The cases are very rare in which an employer admits that an employee’s minority status was the reason it took the job action. This is referred to as “direct evidence”. Most of the time, the employer states as its reasons some apparently legitimate reason. It is the task of the employee to prove, usually by circumstantial evidence, that the reason is not legitimate.

How does one file a complaint of discrimination?

You may file an administrative complaint by contacting the Tennessee Human Rights Commission or the Equal Employment Opportunity Commission (EEOC). Generally speaking, if you file a lawsuit in State Court, you must do so within a year of the date of the discrimination, and if you file in Federal Court, you must first file with the EEOC; that agency will issue you authorization to file the lawsuit.

What do you mean by “circumstantial evidence”?

Circumstantial evidence usually means, in unlawful or discriminatory termination cases, such facts as your minority status, that you were qualified for the job you held, that you were terminated, and that you were replaced by a person who was not a minority. Then, you would have to show that the employer’s reasons are not legitimate reasons.

What happens if I can prove all of this?

Generally speaking, the law gives you the right to take your employer to court and to request a jury trial. Successful plaintiffs may be entitled to back pay, reinstatement of employment with all job benefits, compensatory damages, interest, attorney fees, and even punitive damages in egregious cases.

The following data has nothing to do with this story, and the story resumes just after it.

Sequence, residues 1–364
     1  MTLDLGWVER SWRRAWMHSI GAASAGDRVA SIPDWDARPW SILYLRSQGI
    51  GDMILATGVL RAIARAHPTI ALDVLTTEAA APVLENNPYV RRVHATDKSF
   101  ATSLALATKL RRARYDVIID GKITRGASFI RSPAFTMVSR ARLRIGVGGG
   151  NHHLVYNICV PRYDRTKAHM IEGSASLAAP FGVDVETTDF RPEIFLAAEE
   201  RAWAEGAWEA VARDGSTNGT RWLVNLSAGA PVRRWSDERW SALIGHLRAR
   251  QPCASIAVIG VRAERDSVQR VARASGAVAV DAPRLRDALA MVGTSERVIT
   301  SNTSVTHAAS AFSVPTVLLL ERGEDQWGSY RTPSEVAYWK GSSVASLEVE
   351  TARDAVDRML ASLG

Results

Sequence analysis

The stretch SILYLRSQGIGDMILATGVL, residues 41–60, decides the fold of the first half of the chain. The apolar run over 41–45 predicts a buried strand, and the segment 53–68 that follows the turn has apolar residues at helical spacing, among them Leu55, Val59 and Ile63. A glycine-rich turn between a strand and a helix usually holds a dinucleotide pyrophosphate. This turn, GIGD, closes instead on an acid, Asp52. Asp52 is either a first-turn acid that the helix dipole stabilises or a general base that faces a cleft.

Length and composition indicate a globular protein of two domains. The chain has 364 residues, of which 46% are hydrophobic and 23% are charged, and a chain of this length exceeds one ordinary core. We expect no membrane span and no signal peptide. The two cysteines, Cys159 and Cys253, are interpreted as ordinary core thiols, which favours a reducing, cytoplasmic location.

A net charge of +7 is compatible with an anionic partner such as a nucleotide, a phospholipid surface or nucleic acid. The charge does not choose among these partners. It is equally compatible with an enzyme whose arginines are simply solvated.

How do you prove that the reason was not legitimate?

In general, you would have to prove that the reasons had no basis in fact, that the reasons did not truthfully motivate the termination, or that another employee (or other employees) not of your minority status engaged in “substantially identical” conduct as you did, but they were not fired or treated as you were treated.

What is retaliation?

Generally, retaliation is bad treatment or discrimination that is motivated by the fact that the employee engaged in acts that are protected by the law. For example, it is unlawful for an employer to retaliate against an employee by firing the employee (or, for example, denying a promotion) because the employee made a complaint of discrimination.

What if I am being treated so badly at work that I just want to quit? Can I quit and still sue for discrimination?

Yes. The law makes it illegal for an employer to cause the working conditions of an employee to become so intolerable that the employee’s only option is to quit if the employer’s motive in its actions is the employee’s status as, for example, a male, a female, an African-American, someone who is over 40 years of age, a Seventh Day Adventist, or someone from another nation.

Is everyone protected by the law from employment discrimination?

Every person’s race, gender, age, religion, national origin, and disabled status and those whose status is that they complained of such discrimination, is protected by the law.

Do the laws of Tennessee prohibit employment discrimination?

Yes. In general, both the State and Federal laws are applied and interpreted similarly. The right exists to file a lawsuit in either State or Federal Court.

I feel like I am being unlawfully harassed at work, but I need my job and cannot afford to quit. If I complain about it, do I have to quit my job?

No. An employer has the legal obligation to investigate and remedy such complaints of harassment. But an employer is not obligated to investigate if it knows nothing about the problem. You should consider making a written complaint about the situation, and you should retain a copy of the complaint.